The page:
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J Gen Virol. 2012 Jan;93(Pt 1):203-11. doi: 10.1099/vir.0.034652-0. Epub 2011 Sep 14.

Factors influencing temporal variation of scrapie incidence within a closed Suffolk sheep flock.

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  • 1Animal Health and Veterinary Laboratories Agency (AHVLA), Pentlands Science Park, Bush Loan, Midlothian EH26 0PZ, UK. lorenzo.gonzalez@ahvla.gsi.gov.uk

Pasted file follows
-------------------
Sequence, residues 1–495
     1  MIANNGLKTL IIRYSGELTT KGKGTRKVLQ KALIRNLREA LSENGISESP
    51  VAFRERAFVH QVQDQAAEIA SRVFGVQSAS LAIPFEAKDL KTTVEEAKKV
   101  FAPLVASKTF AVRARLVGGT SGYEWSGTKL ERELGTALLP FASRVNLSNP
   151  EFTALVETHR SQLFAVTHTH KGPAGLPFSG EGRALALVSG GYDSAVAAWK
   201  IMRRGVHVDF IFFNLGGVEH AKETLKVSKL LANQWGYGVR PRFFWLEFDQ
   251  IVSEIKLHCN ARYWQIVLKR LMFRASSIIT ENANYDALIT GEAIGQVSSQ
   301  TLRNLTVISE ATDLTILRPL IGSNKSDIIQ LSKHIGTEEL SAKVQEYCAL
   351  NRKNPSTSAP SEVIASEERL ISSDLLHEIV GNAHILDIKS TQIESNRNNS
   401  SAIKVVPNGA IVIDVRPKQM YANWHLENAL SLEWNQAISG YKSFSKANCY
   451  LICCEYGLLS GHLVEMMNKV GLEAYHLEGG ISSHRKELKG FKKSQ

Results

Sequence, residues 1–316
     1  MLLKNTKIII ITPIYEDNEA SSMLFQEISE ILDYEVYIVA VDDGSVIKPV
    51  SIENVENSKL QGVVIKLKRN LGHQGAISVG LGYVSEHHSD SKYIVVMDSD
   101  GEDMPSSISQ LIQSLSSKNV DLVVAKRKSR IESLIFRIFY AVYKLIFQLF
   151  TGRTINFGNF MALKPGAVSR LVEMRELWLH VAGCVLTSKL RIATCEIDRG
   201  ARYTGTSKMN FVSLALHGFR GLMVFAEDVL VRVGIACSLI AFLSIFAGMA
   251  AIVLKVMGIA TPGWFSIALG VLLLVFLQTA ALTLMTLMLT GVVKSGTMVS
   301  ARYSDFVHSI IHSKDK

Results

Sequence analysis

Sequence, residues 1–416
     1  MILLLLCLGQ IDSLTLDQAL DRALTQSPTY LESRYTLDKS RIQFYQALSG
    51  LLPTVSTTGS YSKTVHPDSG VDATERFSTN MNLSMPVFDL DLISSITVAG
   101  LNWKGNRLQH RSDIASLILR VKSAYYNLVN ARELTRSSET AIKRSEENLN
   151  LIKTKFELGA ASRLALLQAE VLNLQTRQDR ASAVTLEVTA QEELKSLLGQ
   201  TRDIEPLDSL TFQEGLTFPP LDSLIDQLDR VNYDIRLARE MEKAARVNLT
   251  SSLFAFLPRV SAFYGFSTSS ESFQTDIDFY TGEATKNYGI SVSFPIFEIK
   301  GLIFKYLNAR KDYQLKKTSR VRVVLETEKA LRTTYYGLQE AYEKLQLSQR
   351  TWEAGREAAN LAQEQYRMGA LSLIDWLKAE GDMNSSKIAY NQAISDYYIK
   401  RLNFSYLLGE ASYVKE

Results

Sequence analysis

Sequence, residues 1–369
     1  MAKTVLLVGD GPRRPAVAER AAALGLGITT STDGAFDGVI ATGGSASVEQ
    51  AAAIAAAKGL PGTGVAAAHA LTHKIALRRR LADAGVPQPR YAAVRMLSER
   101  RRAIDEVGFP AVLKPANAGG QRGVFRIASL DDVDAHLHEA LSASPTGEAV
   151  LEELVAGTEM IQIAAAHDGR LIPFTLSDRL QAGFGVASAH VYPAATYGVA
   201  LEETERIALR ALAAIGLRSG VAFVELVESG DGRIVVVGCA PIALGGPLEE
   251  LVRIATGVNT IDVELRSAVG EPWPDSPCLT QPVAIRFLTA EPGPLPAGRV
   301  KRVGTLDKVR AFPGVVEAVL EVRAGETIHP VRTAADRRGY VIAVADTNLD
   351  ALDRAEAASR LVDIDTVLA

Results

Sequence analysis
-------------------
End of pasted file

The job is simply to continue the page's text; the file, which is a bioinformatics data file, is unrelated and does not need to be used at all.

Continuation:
Several studies have shown that transmission of natural scrapie can occur vertically and horizontally, and that variations in scrapie incidence between and within infected flocks are mostly due to differences in the proportion of sheep with susceptible and resistant PRNP genotypes. This report presents the results of a 12-year period of scrapie monitoring in a closed flock of Suffolk sheep, in which only animals of the ARQ/ARQ genotype developed disease. Among a total of 120 of these, scrapie attack rates varied between birth cohorts from 62.5 % (5/8) to 100 % (9/9), and the incidence of clinical disease among infected sheep from 88.9 % (8/9) to 100 % (in five birth cohorts). Susceptible sheep born to scrapie-infected ewes showed a slightly higher risk of becoming infected (97.2 %), produced earlier biopsy-positive results (mean 354 days) and developed disease at a younger age (median 736 days) than those born to non-infected dams (80.3 %, 451 and 782 days, respectively). Taken together, this was interpreted as evidence of maternal transmission. However, it was also observed that, for the birth cohorts with the highest incidence of scrapie (90-100 %), sheep born to infected and non-infected dams had a similar risk of developing scrapie (97.1 and 95.3 %, respectively). Compared with moderate-attack-rate cohorts (62.5-66.7 %), high-incidence cohorts had greater numbers of susceptible lambs born to infected ewes, suggesting that increased rates of horizontal transmission in these cohorts could have been due to high levels of environmental contamination caused by infected placentas.

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